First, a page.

Keurig coffee – wonderful. The K-cup – not so much. Concern about the plastic coffee pods started almost as soon as the Keurig coffee maker came on the market. Each one is very small. But add up one household’s consumption, then another’s, in a week, a month. Doesn’t take long to have a mountain of them.
Coffee pod manufacturers responded. You can now buy many types of pods packaged various ways. They are recyclable and compostable, in part or whole. But you have to read the box, and the pods…
The other night, my husband said he was going to make pizza. What kind, he asked. Pineapple and ham, I said without hesitation. They’re small, he said, so anything else? Pepperoni and pineapple. That’s what Sam Panopoulos likes…
Several years ago, my husband grew beets and decided to pickle and can them… He printed labels for the jars: $40 Beets. He said he’d calculated that is what each jar cost him in time spent… This year he moved on, with a new garden, to freezing…
These beautiful little eggs are from my great nephew’s Phoenix hens. They’re maybe half the size of a large supermarket egg. But they’re twice as flavourful. I think that has more to do with the fact that the hens live a normal chicken life instead of being in a small cage in a battery chicken farm. These hens live in an outdoor coop with a run so they can move and peck and do normal chicken things…
I’m a self-taught cook, and not a great one. But I enjoy it, find it relaxing (usually) and like to experiment. I have cookbooks and use them, but also know you can take ingredients and come up with something delicious and all your own. When you do, write down what you did so you can make it again!…
It’s not hard preserving food and doesn’t have to be especially time-consuming. You can freeze, can or dry foods for use later. It’s a good way to make use of harvest time when local foods are plentiful and cheap…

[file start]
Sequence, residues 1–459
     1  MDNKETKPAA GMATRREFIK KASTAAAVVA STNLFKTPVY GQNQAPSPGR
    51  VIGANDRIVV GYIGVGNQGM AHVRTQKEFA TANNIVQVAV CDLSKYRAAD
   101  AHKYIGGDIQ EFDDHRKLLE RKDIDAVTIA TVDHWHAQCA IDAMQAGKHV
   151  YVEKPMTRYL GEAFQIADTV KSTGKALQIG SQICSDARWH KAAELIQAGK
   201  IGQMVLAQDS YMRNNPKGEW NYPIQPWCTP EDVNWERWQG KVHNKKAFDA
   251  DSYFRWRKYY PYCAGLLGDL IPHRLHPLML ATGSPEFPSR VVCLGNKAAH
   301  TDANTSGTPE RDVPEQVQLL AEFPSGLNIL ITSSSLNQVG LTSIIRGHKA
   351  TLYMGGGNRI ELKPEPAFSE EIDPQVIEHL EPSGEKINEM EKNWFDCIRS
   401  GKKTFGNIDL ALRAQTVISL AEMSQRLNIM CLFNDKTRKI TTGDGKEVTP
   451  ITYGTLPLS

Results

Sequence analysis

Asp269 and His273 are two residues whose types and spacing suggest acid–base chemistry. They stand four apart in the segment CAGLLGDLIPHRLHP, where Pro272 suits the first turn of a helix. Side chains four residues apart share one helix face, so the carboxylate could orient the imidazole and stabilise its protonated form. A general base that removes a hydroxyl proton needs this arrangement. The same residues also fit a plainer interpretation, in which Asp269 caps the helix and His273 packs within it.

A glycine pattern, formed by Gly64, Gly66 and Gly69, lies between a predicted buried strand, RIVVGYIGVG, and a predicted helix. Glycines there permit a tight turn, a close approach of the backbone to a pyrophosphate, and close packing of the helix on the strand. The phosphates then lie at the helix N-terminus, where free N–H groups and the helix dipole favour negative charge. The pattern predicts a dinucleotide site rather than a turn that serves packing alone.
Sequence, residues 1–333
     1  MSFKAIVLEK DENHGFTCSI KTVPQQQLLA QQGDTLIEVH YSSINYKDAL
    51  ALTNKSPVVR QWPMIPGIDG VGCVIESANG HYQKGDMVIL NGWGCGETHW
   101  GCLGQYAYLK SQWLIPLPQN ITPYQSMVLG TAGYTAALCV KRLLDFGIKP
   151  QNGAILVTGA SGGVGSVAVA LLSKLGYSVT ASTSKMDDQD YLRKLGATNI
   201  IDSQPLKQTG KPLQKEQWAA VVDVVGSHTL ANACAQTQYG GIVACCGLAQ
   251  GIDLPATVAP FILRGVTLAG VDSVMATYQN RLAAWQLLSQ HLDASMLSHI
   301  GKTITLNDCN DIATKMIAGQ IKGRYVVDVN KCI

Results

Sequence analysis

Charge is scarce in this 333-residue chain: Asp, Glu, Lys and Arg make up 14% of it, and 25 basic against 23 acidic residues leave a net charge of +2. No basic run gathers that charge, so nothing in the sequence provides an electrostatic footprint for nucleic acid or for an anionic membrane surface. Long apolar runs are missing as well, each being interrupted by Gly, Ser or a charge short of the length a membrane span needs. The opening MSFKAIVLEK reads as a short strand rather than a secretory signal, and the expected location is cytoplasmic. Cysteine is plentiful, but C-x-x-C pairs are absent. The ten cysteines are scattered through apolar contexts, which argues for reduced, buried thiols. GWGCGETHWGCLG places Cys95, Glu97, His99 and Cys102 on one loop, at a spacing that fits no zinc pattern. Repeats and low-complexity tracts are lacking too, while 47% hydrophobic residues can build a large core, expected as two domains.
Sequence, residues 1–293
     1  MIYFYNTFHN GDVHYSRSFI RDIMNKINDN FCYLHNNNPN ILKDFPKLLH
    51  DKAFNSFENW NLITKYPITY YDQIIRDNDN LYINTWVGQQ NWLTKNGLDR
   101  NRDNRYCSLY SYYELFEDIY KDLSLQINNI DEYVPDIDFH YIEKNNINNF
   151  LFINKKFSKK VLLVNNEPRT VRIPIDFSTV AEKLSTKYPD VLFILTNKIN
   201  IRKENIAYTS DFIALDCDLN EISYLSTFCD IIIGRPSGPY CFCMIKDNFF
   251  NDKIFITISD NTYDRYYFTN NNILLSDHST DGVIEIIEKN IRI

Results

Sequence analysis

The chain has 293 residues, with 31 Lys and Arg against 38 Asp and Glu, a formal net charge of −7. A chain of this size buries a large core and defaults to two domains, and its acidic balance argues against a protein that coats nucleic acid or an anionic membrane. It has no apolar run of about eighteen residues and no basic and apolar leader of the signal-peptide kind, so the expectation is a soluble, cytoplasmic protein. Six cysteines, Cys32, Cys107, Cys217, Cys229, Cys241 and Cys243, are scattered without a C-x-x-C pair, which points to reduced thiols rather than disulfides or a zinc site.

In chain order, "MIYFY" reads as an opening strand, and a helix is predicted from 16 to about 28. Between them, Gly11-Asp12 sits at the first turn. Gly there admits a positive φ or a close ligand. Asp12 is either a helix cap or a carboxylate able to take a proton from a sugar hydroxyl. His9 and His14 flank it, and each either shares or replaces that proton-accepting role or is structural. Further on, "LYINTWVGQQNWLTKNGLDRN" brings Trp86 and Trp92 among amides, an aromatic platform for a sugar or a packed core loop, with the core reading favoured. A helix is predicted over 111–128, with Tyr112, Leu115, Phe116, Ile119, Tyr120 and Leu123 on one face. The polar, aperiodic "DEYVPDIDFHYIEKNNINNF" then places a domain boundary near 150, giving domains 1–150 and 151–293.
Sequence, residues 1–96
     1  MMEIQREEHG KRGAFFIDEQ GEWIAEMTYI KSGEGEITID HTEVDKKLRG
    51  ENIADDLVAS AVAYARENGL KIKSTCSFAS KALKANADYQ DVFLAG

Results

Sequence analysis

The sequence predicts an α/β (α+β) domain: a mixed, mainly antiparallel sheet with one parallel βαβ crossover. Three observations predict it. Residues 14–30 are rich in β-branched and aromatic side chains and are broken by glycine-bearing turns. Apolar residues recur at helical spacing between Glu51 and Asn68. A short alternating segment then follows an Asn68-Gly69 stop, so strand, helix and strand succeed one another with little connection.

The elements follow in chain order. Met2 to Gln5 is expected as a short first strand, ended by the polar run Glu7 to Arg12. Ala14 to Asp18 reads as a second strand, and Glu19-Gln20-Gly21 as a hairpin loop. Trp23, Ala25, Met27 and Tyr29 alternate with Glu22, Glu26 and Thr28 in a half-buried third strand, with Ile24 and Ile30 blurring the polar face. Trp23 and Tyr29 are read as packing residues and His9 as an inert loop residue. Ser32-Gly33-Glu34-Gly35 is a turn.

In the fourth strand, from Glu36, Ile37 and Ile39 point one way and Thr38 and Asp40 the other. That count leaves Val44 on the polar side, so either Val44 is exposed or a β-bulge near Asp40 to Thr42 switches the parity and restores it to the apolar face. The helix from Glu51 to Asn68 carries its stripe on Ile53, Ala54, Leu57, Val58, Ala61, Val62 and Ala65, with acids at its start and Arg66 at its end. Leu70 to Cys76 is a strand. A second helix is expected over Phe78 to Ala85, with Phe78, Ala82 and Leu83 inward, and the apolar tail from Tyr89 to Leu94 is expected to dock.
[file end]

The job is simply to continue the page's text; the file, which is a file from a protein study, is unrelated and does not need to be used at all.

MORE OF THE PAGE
This asparagus and cheese casserole is my mother-in-law’s recipe. It was one of her potluck favourites because it travels well and easily warms up in a microwave. And if it can’t be warmed up, it still tastes good.
A can of tuna and presto, you’ve got fish cakes. Quick and easy, they make a simple or dressed up dinner or lunch. Tuna, bread crumbs, an egg, and onion. That’s all you need.
One thing I thank a long ago boyfriend for is introducing me to ratatouille. He used the Joy of Cooking recipe, but added ground beef and cumin. Both are equally, but differently, delicious…
When only a giant zucchini will do: to make zucchini noodles. Zoodles some call them. Use them the same way you use pasta. They taste great, and they are gluten free, wheat free and carb free.
A zucchini that escaped, hiding under foliage in order to grow huge. Stuff it. With what? What about a cheese stuffing? Something light and summery. Light, soft cheese. Maybe egg too.
In my never-ending spring search for things to do with rhubarb, I found a Robin Hood Flour cobbler recipe in my recipe scrapbook. A cobbler has fruit on the bottom with a cake-like topping.
Any time is avocado time, but sunny summer days especially. Here are two really easy side dishes. One maybe unfamiliar, one you know. Avocado half with oil and vinegar, and guacamole.
Beef stew is one of the easiest things to make. Brown meat cubes, add veggies and liquid and let it cook slowly. Plan on a couple of hours of cooking time. A one-pot meal or served on rice or noodles.
With salad or garlic bread on the side, tamale pie makes a perfect winter’s night meal. It’s a Tex-Mex type of shepherd’s pie or baked polenta with tomato sauce.
I made baked cauliflower cheese with cherry tomatoes for supper one night. It was so pretty that I had to take a picture. It tasted so good that I made it again right away while I could remember how I did it.
Basil is easy to grow, and each plant produces a lot. So make pesto with that abundance. On its own, it’s a light sauce for pasta or a topping for baked potatoes.
Fruit Crumble is one of the easiest desserts to make – and very, very delicious. This one is rhubarb and black cherries. The recipe comes from the Joy of Cooking.
“Hi Dorothy… I also checked the part with the recipes and decided that one is missing.” A comment posted by a friend, with his recipe. Photos followed. Wunderbar!
This stove-top macaroni and cheese recipe from James Thorne’s Simple Cooking is the best ever. I’ve made mac & cheese a lot of different ways, and love this one. It is easy and consistently good.
Got huge zucchinis? Stuff them. Here is how my husband makes them using left-over spaghetti sauce. The quantities below are for one 10 in/25 cm zucchini.
The trick to fluffy steamed rice, with grains nicely separated, is wash it first. Put the amount of uncooked rice you want in a pot and add water.
KD is the ultimate comfort food/fast food, especially for Canadians (says Wikipedia) who have grown up on it since it came on the market in the 1930s.